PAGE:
Thursday, March 24, 2011

Bloomington Book Fair and other stuff

My goodness, it's already coming close to a week since the Bloomington Book Fair and I'm just getting around to writing about it now? I'm thinking it might be time to rearrange my priorities. Maybe watching reruns of News Radio shouldn't be so high up on the list (but I digress).

Last Saturday was my third stint at the Bloomington Book Fair. As is the norm ~ my face hurt from constantly smiling, but also as is the norm, I did have a good time and met some wonderful people. This year I had the pleasure of having a table next to Erin Hart. For those unfamiliar with Erin's work - shame on you. She's an amazing mystery writer, and I believe the past president of the local Sisters-in-Crime chapter. Being side-by-side with Erin had its advantages and disadvantages. Her table certainly attracted quite a crowd. Unfortunately, once they got their signed copies of Erin's books, they gave me a per functionary smile, and if I was lucky, a few picked up my card.  Still, I did manage to sell a few books and did a lot of networking.
My table (sans crowd)

Erin's table (bunches-o-people)

Otherwise, I've been devoting the majority of my time promoting Spyder. I'm happy to report that for those of you who still love the feel of holding a real book in your hands, Spyder can be found at most of the independent bookstores around town along with many of the online sites, including Amazon and B&N. Ebooks are also available at most of the online sites. I hope to set up a reading or two in the coming months, but so far nothing is set in stone. Fear not ~ as soon as anything is set up, I'll let you know.

I'm very pleased to announce that my friend, and children's book author, Stacy Waibel, will soon be releasing her fourth in the series of Rudy, the cute poodle books. The newest should be out sometime in April. For more information on Rudy and Stacy, check out their website at Rudy's Little world.

I know that I'm forgetting to mention something (this getting old thing really sucks) but at least when I remember what it is, it will give me something to write about next blog.  Until then . . .

Sunday, March 13, 2011

Spyder has hit the streets!

Now that Spyder has been released, I was going to talk about Spyder, talk about marketing, how important that is (it is) and how uncomfortable I am doing it (I am).  Blah, blah, blah ~ I've talked it about all before and I really think I'd probably be repeating myself.  Then I saw Nancy Silveria's review.  Needless to say, I was in awe and it rendered me speechless. So, I'll let her review do all the talking for me.

Spine-tingling author David Fingerman goes in a bold new direction with the release of his 231-page book of fiction entitled SPYDER. (ISBN 978-1-60318-264-5) 

Named for the books main character, SPYDER takes us on a candid journey into the inner city of Everyday-Metropolis, USA. From a first person accounting, the author sets the reader on the edge of reality with nowhere to go but into the raw pulse of the human condition. 

Using a colorful combination of characterization and sarcasm, Fingerman moves readers across this edgy work with denial and fascination, creating the "I know it's tragic, but I can't help but watch" mentality. A sensation I find similar to enjoying Tarantino's Pulp Fiction.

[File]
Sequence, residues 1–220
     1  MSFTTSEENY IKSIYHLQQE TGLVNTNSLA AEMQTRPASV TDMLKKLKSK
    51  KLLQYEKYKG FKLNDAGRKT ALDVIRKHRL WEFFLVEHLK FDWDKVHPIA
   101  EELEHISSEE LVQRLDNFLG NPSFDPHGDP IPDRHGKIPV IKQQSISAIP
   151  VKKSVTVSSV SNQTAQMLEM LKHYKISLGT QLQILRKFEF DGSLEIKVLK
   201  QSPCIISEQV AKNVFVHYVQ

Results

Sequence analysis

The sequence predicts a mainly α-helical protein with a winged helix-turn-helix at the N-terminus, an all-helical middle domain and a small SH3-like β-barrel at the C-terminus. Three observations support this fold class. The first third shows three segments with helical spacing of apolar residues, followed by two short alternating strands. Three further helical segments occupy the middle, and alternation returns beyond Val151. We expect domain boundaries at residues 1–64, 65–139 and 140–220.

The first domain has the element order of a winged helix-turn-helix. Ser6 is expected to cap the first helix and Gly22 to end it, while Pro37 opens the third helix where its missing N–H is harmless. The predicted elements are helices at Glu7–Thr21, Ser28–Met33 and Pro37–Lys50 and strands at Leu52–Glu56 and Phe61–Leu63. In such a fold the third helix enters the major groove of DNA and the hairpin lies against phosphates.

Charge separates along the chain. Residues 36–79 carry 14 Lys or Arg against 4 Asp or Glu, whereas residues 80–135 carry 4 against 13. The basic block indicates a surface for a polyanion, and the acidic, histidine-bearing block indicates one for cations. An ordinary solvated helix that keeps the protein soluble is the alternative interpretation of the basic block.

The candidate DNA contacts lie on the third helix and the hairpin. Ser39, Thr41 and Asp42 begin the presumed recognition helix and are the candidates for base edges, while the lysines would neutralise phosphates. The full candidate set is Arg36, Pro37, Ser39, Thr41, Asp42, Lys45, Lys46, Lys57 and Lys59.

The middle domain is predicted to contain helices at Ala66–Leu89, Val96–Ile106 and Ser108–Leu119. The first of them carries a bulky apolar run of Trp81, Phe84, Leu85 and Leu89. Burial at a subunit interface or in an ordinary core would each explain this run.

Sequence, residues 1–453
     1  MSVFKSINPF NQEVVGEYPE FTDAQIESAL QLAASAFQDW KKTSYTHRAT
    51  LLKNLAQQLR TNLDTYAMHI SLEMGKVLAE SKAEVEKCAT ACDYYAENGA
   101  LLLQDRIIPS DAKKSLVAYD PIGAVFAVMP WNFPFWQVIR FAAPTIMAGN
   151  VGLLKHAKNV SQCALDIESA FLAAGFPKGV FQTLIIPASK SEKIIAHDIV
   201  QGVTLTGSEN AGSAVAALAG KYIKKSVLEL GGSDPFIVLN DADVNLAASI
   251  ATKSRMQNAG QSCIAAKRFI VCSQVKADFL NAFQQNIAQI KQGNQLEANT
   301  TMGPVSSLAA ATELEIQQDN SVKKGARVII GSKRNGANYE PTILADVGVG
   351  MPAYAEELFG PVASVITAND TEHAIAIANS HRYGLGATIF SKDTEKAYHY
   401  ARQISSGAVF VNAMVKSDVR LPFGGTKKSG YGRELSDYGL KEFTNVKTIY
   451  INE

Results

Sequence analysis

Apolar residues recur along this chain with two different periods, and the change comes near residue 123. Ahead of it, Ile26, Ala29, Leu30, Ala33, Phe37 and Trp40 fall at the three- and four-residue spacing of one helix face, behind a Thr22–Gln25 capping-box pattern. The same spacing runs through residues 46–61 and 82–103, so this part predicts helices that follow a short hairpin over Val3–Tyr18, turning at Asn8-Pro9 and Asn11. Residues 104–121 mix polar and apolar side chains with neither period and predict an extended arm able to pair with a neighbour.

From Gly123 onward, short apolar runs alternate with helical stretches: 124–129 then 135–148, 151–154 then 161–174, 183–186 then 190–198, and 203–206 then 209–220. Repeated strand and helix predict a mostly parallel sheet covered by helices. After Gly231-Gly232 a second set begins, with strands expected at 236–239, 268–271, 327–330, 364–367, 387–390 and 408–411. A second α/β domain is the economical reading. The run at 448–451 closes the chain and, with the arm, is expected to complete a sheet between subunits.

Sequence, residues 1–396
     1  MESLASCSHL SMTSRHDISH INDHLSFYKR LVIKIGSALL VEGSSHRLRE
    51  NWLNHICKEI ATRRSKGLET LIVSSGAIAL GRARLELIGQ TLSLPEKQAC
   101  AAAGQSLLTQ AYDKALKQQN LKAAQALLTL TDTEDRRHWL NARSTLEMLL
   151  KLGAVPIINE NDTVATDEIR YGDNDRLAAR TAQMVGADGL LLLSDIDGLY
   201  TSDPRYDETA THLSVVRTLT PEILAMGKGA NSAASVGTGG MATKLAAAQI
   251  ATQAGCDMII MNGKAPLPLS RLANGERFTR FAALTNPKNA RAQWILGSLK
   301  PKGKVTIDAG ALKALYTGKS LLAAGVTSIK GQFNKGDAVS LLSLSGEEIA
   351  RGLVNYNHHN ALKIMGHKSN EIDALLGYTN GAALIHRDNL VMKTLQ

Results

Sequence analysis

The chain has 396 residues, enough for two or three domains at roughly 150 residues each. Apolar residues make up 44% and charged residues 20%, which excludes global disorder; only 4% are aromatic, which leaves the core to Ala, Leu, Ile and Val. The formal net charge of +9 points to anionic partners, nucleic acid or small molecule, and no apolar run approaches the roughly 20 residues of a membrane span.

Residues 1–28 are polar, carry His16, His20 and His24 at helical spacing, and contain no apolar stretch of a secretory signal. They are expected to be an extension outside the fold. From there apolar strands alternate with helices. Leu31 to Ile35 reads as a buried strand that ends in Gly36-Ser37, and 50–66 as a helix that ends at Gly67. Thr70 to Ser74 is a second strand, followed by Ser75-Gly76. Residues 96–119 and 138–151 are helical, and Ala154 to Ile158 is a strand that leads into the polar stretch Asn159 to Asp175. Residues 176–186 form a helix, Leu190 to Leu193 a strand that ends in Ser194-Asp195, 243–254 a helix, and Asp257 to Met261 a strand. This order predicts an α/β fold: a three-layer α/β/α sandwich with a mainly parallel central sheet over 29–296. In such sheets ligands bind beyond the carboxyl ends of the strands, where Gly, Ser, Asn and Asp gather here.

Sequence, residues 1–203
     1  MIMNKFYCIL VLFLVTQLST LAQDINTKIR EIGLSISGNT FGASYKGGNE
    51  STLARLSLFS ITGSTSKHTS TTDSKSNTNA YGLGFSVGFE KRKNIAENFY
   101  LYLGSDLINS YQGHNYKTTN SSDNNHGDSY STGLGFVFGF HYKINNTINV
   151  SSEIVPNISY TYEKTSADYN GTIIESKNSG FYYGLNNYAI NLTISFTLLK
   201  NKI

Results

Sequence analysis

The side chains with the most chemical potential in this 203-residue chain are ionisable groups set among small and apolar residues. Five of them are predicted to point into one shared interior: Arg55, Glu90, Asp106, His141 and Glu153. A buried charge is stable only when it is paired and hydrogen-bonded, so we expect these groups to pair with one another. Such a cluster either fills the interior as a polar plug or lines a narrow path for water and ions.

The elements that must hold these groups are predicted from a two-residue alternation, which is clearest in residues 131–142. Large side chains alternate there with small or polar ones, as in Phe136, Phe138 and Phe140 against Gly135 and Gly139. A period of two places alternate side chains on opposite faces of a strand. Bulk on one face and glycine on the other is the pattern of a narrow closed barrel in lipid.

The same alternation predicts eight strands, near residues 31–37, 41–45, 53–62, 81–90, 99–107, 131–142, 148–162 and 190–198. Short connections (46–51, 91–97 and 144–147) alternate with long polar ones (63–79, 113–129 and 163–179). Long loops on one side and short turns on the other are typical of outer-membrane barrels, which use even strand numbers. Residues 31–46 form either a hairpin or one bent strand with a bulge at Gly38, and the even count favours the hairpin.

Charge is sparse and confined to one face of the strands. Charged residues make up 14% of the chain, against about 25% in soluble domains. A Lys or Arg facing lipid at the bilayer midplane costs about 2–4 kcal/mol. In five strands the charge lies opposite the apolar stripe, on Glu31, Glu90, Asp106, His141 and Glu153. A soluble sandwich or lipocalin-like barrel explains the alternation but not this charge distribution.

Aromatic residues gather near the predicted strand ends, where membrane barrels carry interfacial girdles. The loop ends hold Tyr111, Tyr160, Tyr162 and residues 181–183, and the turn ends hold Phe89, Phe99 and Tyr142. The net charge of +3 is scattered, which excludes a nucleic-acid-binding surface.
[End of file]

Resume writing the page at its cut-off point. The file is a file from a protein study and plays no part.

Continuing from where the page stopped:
Allow me to introduce you to Spyder, a thirty year old man who has already tasted the worse flavors life has to offer. 

"Actually, I go by the name of Spyder, that's Spyder spelled with a y. In my younger days living on the street, I got a black widow, complete with red hour-glass, tattooed on my right cheek just below the eye; about the same place a gang-banger tattoos a tear drop after he offs somebody. Thus, my name. It shows the high creative intellect that's out on the street." 

He's a man of crass wit possessing a bad ass survivalist approach to life in the drug filled alleys and wayward streets. 

"Let's see, I dissed the Latin Kings this morning; by noon tomorrow I'd be dissing the Vice Lords by not showing up. Hell, the day was young and I still had plenty of time to diss the Bloods, Crips, Disciples, and the Naturals to make me a complete moron and walking dead man. Not a problem. I licked the twenty clean of any remaining powder and walked out the door to see what the rest of the day might bring." 

Fingerman peels back the layers from the shunned world of opportunistic relationships that breed from the raw needs of addiction, violence, and homelessness. The book opens when Spyder's girl friend Olivia, a relationship of convenience rather than attachment, dies from an drug overdose, thus forcing Spyder to consider steady employment and sobriety over living hand to mouth and strung out on the city streets. 

From the violence of guns over taking Spyder's hard learned experience with a blade, and the fact that his body is aging pass the peak of his youthful days of becoming a street renowned VIP, to the loneliness that comes from a lack of familial support and emotional contentment, Fingerman paints Spyder's journey. 

What unfolds is one man's attempt to change his life, to build stability and relationships from scratch without possessing a single social skill other than the ones learned from surviving life on the streets. 

SPYDER begs the question: Can a man who has only known a life of drug dealing, gang violence, and the pitfalls of affection magnified under such a heated spotlight, find a peaceful existence within the structured expectations of civility? 

If you've read either of David Fingerman's books, the collection of short stories Edging Past Reality or his first novel Silent Kill, than you know it's a good bet you're going to love SPYDER, too. I couldn't put it down! 

I've read all his books, and he's quickly become one of my favorites because reading one Fingerman book doesn't mean you've read them all. He's versatile; a rare quality and a true mark of a great writer.